Debt consolidation — it’s a buzz-phrase we often hear being bounded about these days. Though, what exactly is debt consolidation and why would you want to consider it? Simply put, debt consolidation is where you take a lot of your small debts and “consolidate” (put them all together) them into one or two large debts. Here is some basic information on debt consolidation.
How to Consolidate your Debts
In order to do this, you can either approach one of your existing creditors with a debt consolidation plan, or else you can talk with a third party lender about the possibility of taking out lending with them in order to consolidate your existing outstanding debt.
In this regard, it is very important to understand that “debt consolidation” is not new money lending. Any lending you are given is merely to consolidate the existing debt you have, and the lender will ask you to declare and account for this. So, although debt consolidation may be considered a “loan”, it is not a loan in its purest form.
Reasons to Consolidate Debt
The overall reasons why you may wish to consider debt consolidation are two-fold:
- In order to try and reduce the cost of your existing debt funding.
- In order to try and do away with all the mess of having to pay back lots of creditors and instead concentrate on one or two large creditors; thereby hopefully making your money management problems much more manageable.
As you can see then, given the right circumstances, debt consolidation can be an extremely useful debt management tool. However, if you are considering debt consolidation as a means of managing your existing outstanding debt, you should also note that there are two ways you can put in place an effective debt consolidation program: (1) by yourself; and (2) using a debt counseling service.
Should you Consolidate Debt by Yourself?
In short, debt consolidation programs undertaken by you are by far the cheapest form of working this useful debt management program. But, self-regulated debt consolidation programs do require a certain level of discipline. They do require you to arrange for one or two creditors to accept to take over your existing smaller debts.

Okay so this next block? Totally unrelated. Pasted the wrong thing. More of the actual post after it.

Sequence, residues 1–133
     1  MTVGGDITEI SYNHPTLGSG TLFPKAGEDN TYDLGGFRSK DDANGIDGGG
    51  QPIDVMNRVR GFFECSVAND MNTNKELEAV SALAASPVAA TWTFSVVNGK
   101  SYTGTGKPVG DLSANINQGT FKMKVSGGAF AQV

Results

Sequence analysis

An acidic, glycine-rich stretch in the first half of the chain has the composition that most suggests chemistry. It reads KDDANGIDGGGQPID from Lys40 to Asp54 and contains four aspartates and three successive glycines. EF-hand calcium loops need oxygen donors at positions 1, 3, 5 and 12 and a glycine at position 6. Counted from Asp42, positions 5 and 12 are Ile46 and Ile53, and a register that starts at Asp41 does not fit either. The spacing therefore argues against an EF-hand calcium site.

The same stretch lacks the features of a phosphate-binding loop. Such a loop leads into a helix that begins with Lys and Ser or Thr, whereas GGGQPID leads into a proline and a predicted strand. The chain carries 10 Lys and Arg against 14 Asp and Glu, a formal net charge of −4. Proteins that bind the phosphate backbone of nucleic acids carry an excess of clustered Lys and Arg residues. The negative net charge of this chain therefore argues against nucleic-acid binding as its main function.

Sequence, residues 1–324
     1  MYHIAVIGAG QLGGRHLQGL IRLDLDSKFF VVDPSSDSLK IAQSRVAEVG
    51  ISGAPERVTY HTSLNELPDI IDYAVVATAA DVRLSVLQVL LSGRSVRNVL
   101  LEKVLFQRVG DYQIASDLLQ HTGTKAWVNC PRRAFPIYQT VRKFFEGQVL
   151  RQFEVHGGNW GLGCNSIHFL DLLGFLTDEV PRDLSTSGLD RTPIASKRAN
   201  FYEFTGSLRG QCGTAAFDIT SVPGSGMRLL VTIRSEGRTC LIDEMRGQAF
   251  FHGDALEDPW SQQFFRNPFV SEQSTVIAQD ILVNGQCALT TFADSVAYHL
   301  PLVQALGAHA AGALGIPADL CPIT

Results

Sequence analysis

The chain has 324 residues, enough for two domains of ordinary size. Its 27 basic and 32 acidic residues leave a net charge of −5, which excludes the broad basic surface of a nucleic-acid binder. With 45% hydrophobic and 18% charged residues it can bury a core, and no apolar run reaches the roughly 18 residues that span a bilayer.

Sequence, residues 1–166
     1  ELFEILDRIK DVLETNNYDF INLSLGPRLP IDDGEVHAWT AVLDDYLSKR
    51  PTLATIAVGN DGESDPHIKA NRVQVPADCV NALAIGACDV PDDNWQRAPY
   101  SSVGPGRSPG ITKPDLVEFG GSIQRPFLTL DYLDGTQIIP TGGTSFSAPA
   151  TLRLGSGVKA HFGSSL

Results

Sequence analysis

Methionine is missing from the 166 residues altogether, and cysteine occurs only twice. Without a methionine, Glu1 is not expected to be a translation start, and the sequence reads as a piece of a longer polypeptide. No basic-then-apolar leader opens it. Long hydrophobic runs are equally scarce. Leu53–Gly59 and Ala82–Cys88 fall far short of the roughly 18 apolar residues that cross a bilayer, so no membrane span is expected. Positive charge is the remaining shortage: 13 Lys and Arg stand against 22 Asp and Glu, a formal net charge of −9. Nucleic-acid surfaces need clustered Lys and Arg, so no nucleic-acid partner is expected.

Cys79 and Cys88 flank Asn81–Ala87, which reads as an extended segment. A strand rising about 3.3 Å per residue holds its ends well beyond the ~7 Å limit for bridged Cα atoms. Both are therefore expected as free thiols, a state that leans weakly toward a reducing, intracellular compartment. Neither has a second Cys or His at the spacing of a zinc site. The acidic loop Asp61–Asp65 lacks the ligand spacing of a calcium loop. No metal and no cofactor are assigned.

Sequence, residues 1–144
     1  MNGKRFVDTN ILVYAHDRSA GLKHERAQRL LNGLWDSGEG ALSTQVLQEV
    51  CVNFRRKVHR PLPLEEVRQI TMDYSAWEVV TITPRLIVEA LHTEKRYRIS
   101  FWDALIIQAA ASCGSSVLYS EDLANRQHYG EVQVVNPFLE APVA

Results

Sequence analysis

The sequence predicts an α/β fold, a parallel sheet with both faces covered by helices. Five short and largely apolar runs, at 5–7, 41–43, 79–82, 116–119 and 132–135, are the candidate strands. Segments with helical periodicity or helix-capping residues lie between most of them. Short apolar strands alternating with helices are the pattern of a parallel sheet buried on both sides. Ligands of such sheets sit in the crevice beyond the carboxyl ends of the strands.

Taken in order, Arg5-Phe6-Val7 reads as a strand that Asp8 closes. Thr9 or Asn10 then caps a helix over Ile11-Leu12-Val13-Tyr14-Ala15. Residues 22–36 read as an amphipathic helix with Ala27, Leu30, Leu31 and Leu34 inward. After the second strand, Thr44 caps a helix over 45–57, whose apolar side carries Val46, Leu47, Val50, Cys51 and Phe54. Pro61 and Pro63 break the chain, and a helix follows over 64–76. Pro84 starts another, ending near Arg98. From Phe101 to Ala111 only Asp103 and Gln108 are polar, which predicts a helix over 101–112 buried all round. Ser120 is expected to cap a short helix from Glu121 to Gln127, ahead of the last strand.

They also require you to make payment to this creditor in a timely manner. In other words, there is no financial overlord looking over your spending and making sure you stick to a workable financial diet. For this reason many of us who consolidate our debt believe we have just been given a new lease of life and go out and spend, spend, spend. The net result of this is not only do we now have new debt to repay, but we also have the large consolidated debt to repay. As such, self-regulated debt consolidation may not be the most effective debt management tool.
Debt Counseling Services
Conversely, debt counseling services are where you tell a debt counselor what all your existing outstanding debt is. The debt counselor then either arranges with your existing debtors to negotiate with them going forward with regard to the outstanding debt, or arranges to consolidate all the outstanding debt as one large debt. You then pay the debt counselor a monthly payment, which they then either distributes to all of your existing creditors or pays towards the one large debt. For providing this service the debt counselor takes a commission, thereby making this form of debt consolidation more expensive, but at the same time probably more effective.
One thought on “What is Debt Consolidation?”
I’ve heard about debt consolidation before, so I appreciate your explanation about what it actually means. It seems like a complicate process to take on by yourself. I think your suggestion for getting help from a debt counselor would be the best choice for many people.